Just after 3pm on 6 February 1958, pilots James Thain and Kenneth Raymentmade a third attempt to take the ‘Busby Babes’ back home.
English champions Manchester United were en route to the UK following a 3-3 draw with Red Star Belgrade – which had been enough to advance to the semi-finals of the European Cup.
Their British European Airways plane had temporarily landed in Germany for refuelling, but it was proving to be a problematic pitstop.
Snow had been coming down hard in Bavaria, creating challenging conditions and leaving thick trails of sludge along the Munich-Riem runway.
Two take-off attempts had already been abandoned due to engine faults, but at around 3.04pm, the pilots decided to have another go.
The plane powered down the tarmac, but failed to gain altitude. By the time the crew realised the plane wouldn’t make it off the ground, it was already too late.
The Airspeed Ambassador careered off the runway, tore through a fence and wrapped around a nearby house, bursting into flames.
23 of the 44 passengers on board were killed in what would forever be known as one of football’s greatest tragedies; a cold winter’s afternoon in Munich that shook the world – and changed Manchester forever.
Manager Sir Matt Busby had turned Manchester United into an international force since taking the helm in 1945 – building a team of gifted players that had brought major silverware to Old Trafford after rising through the club’s youth ranks.
The squad was tipped to continue filling out the trophy cabinet in Stretford for years to come. But in the winter of ’58, everything changed.
Eight members of the team died in the crash, and Manchester United instantly changed beyond recognition.
So too did the management team – with Chief Coach Bert Whalley, trainer Tom Curry and club secretary Walter Crickmer also passing away.
The eponymous leader of the Busy Babes, meanwhile, was rushed to hospital in critical condition.
With a generation of wonderful footballing talent wiped out and their leader gravely injured, the club was left rattled.
There were concerns that United could ultimately fold in the aftermath.
Eight players had gone forever, two former internationals – Johnny Berry and Jackie Blanchflower – were too badly injured to ever play again, and those who survived were still scarred by the incident.
The crash had left a permanent black mark on sport in Britain, taking too many young talents and coaches before their time.
But the footballing world stepped up.
Other clubs provided support wherever possible, with bitter rivals Liverpool even offering loan players so United could fulfil their remaining fixtures.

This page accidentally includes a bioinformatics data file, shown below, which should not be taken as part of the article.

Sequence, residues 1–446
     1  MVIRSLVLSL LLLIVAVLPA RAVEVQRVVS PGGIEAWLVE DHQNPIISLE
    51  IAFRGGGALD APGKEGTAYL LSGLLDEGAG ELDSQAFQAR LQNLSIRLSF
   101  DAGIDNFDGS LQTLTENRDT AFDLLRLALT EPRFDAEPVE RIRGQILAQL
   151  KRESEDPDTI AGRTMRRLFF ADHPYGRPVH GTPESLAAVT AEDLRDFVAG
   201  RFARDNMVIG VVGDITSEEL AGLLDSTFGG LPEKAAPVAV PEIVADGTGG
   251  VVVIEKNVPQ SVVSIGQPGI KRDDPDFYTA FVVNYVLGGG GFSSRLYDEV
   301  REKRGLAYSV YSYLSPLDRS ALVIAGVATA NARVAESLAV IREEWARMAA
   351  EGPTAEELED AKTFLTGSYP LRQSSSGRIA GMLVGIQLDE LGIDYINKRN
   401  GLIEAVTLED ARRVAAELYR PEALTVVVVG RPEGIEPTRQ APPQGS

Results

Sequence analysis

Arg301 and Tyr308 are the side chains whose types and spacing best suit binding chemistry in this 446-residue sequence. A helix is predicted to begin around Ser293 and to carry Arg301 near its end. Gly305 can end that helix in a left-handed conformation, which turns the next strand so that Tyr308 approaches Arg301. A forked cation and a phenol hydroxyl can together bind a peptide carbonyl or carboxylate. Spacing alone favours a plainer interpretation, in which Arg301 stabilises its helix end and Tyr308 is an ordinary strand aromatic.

Real Madrid – the eventual winners of the 1958 European Cup – dedicated the win to the Busby Babes and even offered United the trophy (which was turned down), before selling memorial pennants and arranging friendlies to raise money for Manchester.
Tributes have continued for more than 60 years since.
Each February, hundreds flock to the Munich memorial at Old Trafford to pay their respects, with a rendition of Flowers of Manchester – a folk song written about the tragedy – performed at the home game closest to this date.
The 2008 Manchester derby was contested on the 50th anniversary of the Munich Air Disaster – with both teams wearing blank kits as a mark of respect (City, too, had suffered loss in the tragedy; former Blues goalkeeper Frank Swift had been on the plane in a journalistic capacity after becoming a sports correspondent for the News of the World upon retirement).
Football is a different beast to what it was back in 1958. But the sport still invariably takes a moment every year to step back from its modern glitz and glamour, pause, and remember the game’s incredible figures who never got to see how huge United – and indeed UK football – eventually became.
The reverberations of the Munich Air Disaster were so powerful they went beyond the game of football itself – even changing the way the sport was covered in the press.
11 of the north’s most prominent sports writers were aboard the flight that day – and just three made it out alive.
One of the three survivors, Frank Taylor of the News Chronicle, mentions in his book that he invited some of the other writers to join him at the front of the plane – where there were several seats still free. But the journalists, already settled, politely declined.